The Luxor Temple is a large Ancient Egyptian temple complex located on the east bank of the Nile River in the city today known as Luxor (ancient Thebes) and was constructed approximately 1400 BCE. In the Egyptian language it was known as ipet resyt, "the southern sanctuary". It was one of the two primary temples on the east bank, the other being Karnak. Unlike the other temples in Thebes, Luxor temple is not dedicated to a cult god or a deified version of the pharaoh in death. Instead, Luxor temple is dedicated to the rejuvenation of kingship; it may have been where many of the pharaohs of Egypt were crowned in reality or conceptually (as in the case of Alexander the Great, who claimed he was crowned at Luxor but may never have traveled south of Memphis, near modern Cairo).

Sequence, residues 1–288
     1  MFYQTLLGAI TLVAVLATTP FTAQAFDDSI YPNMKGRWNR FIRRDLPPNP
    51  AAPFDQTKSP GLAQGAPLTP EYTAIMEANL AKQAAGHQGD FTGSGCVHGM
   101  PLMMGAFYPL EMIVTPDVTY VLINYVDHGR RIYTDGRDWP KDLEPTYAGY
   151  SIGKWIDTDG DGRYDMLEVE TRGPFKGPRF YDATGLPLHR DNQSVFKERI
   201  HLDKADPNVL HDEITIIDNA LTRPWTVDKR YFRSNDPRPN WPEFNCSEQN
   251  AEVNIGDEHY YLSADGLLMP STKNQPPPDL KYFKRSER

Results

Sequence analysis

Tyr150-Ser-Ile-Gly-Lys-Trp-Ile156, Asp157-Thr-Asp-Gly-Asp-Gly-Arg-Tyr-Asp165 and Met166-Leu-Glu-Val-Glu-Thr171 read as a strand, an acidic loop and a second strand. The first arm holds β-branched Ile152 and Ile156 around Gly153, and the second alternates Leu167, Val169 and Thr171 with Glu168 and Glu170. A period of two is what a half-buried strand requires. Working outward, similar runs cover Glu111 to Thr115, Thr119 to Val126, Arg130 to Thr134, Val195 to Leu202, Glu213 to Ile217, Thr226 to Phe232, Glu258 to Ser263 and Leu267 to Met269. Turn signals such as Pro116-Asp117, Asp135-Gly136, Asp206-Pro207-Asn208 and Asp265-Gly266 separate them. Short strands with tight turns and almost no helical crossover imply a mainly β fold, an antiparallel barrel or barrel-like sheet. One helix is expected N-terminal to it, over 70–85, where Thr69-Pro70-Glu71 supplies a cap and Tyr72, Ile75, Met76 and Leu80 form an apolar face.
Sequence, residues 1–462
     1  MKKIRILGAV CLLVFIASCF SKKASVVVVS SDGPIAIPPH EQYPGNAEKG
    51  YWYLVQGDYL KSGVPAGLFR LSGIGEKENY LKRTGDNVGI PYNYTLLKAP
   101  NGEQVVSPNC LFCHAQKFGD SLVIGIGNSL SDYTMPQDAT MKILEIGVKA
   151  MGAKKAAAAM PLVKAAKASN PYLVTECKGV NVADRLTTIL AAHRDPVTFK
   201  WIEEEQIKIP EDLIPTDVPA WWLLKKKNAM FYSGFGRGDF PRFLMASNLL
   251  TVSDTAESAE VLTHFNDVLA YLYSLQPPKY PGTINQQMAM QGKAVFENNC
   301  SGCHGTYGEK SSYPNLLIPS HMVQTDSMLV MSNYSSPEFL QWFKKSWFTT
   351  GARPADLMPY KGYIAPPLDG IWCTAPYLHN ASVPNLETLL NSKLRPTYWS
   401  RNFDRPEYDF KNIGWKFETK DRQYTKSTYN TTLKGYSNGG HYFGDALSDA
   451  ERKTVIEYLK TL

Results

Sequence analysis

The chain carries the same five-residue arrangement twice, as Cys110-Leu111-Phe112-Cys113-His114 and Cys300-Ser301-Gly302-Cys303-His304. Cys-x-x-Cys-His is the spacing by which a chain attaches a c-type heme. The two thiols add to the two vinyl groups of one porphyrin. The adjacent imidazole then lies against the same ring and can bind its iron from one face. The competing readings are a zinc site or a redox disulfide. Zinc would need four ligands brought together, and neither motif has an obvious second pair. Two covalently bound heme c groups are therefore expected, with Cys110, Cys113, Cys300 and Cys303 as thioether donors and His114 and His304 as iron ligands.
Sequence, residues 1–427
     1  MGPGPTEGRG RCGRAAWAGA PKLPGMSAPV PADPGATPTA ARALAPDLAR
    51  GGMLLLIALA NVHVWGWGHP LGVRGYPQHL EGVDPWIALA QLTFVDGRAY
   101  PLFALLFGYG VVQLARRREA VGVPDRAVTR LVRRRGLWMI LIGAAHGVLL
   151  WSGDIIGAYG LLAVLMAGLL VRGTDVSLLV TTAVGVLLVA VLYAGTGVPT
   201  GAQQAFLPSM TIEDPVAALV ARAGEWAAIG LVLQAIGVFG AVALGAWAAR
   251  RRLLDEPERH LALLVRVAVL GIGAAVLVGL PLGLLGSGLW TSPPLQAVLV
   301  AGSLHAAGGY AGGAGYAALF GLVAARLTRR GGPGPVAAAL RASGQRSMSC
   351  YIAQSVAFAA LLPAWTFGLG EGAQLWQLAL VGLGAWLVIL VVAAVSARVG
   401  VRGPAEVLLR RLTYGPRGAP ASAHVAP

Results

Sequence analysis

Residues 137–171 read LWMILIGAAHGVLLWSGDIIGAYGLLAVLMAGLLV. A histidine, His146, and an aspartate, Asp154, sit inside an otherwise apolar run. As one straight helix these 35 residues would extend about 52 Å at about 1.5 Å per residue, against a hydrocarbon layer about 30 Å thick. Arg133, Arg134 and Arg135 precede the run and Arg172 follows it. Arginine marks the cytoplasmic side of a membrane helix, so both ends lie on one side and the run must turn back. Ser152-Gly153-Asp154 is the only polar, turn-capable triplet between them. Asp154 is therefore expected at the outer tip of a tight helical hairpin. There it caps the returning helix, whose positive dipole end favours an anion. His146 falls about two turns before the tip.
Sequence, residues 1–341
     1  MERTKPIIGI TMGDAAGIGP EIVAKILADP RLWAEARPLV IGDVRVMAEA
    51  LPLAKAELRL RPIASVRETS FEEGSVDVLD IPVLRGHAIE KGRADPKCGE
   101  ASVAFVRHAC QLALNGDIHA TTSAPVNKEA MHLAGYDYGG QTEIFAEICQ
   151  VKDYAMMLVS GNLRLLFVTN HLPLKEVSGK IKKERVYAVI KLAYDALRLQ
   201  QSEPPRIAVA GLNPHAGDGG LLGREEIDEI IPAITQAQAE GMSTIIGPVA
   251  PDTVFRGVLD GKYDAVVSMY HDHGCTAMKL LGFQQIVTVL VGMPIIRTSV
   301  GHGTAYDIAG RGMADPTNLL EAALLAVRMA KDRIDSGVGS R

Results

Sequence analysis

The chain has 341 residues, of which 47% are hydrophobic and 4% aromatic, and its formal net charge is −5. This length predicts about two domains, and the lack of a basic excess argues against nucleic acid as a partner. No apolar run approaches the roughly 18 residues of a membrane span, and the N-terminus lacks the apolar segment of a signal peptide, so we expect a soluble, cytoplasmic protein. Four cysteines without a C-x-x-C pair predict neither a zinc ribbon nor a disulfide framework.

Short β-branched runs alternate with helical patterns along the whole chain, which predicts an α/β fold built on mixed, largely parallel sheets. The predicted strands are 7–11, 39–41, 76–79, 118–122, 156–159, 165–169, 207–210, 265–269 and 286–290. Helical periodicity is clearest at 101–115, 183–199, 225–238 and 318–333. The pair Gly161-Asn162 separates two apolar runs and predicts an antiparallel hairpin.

To the rear of the temple are chapels built by Amenhotep III of the 18th Dynasty, and Alexander. Other parts of the temple were built by Tutankhamun and Ramesses II. During the Roman era, the temple and its surroundings were a legionary fortress and the home of the Roman government in the area. During the Roman period a chapel inside the Luxor Temple originally dedicated to the goddess Mut was transformed into a Tetrarchy cult chapel and later into a church.
Along with the other archeological sites in Thebes, the Luxor Temple was inscribed on the UNESCO World Heritage List in 1979.